Last year we were in France and as I watched my nine month old granddaughter unwrap all her presents (she had loads of them).Most were very expensive, I felt sad. Sad for all the children who had nothing and just one of these toys would bring such great happiness.

    Throughout the year on my various visits I observed as my little granddaughter was bought more expenisve toys – not for Birthdays, Easter or whatever, just because a doting Friend grandparents, aunt or friend liked the toy. I sighed – what will this little one have to look forward to in life.

    I pray our little granddaughter will not look to us her Portuguese grandparents for expensive gifts. As she gets older we can only give her our love. In a way this makes me sad…but in another it’s a reality check on life and what is actually important.

    Your words made me think back to when my kids were young and the prospect of Christmas…the anticipation…and then the delight when they opened little gifts on Christmas day. Yes my kids could play in the streets, they did not have mobile phones nor did they have their own computers. If they wanted designer gear as their peers had they had to work for it. Yes they had a paper round…and my daughter sold Avon, made cross stitch cards and jewelery which I accompanied her to craft fairs to sell. We had no money but we had fun and they learned the true meaning of money.

    As for recyling I can’t even begin. It’s perhaps the biggest political spin there is. I used to watch great 4×4 drive up to the bottle or clothing banks and smile.
    Last time I was in the UK I was amazed that 6 different lorries came to collect 6 different twee little recycling boxes from each household. It may have been 5 , but anyway you follow my drift. Clothes, bottles, cardboard and paper, tins, plastic and of course discarded food.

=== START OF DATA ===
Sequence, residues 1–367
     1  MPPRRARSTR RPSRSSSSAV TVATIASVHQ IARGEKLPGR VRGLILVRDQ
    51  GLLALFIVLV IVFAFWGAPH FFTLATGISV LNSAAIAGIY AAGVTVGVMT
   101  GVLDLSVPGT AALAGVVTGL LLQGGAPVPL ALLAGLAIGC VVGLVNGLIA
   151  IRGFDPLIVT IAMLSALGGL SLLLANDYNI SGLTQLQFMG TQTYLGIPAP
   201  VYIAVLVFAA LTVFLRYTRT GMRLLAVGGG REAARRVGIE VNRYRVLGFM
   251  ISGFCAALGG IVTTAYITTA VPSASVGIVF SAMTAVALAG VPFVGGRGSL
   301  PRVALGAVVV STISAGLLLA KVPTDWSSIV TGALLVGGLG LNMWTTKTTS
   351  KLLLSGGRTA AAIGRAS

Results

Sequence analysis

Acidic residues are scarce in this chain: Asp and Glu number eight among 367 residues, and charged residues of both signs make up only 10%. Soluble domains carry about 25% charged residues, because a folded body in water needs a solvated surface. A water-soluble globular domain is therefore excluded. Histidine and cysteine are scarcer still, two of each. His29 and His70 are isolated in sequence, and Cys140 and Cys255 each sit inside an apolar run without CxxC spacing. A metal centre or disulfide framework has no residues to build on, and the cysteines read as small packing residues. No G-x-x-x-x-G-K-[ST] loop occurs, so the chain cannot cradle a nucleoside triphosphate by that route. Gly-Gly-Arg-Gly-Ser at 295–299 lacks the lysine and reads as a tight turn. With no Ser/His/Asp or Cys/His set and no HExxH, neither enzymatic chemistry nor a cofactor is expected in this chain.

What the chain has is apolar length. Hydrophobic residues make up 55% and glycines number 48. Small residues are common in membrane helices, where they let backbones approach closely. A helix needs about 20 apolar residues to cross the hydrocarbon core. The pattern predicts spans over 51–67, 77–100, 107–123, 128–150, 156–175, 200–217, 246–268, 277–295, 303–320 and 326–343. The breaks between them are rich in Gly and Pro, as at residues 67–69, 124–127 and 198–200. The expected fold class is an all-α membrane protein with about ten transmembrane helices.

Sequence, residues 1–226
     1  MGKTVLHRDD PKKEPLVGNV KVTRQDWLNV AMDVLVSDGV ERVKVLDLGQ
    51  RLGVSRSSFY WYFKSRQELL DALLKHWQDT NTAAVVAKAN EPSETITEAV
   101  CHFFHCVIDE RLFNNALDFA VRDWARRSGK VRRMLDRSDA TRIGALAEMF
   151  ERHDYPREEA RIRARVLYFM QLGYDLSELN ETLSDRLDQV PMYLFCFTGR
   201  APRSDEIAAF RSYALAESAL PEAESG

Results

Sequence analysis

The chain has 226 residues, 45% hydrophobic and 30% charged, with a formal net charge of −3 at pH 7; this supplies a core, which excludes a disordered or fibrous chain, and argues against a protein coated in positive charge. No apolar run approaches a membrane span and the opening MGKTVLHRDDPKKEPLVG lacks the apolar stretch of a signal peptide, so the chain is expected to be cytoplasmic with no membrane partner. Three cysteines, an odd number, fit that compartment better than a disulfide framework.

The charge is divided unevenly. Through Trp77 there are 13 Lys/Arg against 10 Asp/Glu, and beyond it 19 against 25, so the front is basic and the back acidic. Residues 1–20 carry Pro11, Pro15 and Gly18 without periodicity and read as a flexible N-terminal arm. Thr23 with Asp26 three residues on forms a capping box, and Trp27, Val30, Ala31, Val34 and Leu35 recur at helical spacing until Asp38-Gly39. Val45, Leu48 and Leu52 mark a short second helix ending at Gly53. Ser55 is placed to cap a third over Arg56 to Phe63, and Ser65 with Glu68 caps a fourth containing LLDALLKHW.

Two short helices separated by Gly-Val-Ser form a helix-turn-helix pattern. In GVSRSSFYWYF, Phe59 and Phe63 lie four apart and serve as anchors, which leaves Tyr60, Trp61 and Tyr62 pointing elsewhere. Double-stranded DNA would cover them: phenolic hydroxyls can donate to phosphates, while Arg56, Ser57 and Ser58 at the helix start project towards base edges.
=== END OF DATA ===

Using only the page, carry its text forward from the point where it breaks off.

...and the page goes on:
Ah yes, that is 6.

    Here in Portugal we have to take our rubbish yes all our rubbish to central bins. Anthing of value ie clothes I usually hang up on the railings. It’s amazing what people throw away. I’ve found laundry baskets, sack barrow, large plant pots and a whole range or misc items which I’ve recyled I’m always bringing stuff home to the point Mr Piglet says our garden looks like Steptoe and sons scrap yard.

    So I raise my glass to kids playing in the street, recycling in the home, and simple presents for Christmas. Turkey, mince pies and Christmas pud with brandy butter. Maybe as we are in the UK this year it will even snow.

    Merry Christmas!

    1. You make a good point there, PiP, about handing out gifts for no particular reason. This is partly the reason why so many youngsters are growing up assuming the world owes them something, that they deserve to get things – just because they always have. There’s nothing wrong with giving gifts but it really needs to be within a certain context or with a valid reason.

      “Oh well done little Jonny, you’ve painted a picture of a…blob with another blob that could look like a head or a balloon or something. You deserve a huge toy that costs way more than I can afford. Hey everyone! Come see the wonderful piece of art little 4 year old Jonny has created. Isn’t it spit-on-your-neck awesome!! That should be in an art gallery and admired by the world!!”

      NO! Bad parent. That’s wrong. Try this:

      “Oh that’s lovely Jonny. You’re a good lad for doing well in school today. Let’s stick that on the fridge shall we? Maybe next week we can put a different one there. Now, how about you help with the [insert activity here] and then you can go watch TV.”

      Much better. Little Jonny has earned congratulations relative to his efforts. Therefore he stands a better chance to grow up with a decent outlook on life, without an over inflated sense of self importance. He will know that the world isn’t pleased to see him and that hard work, social skills and manners will go further than being angry at the world for not giving him what he wants the moment he wants it.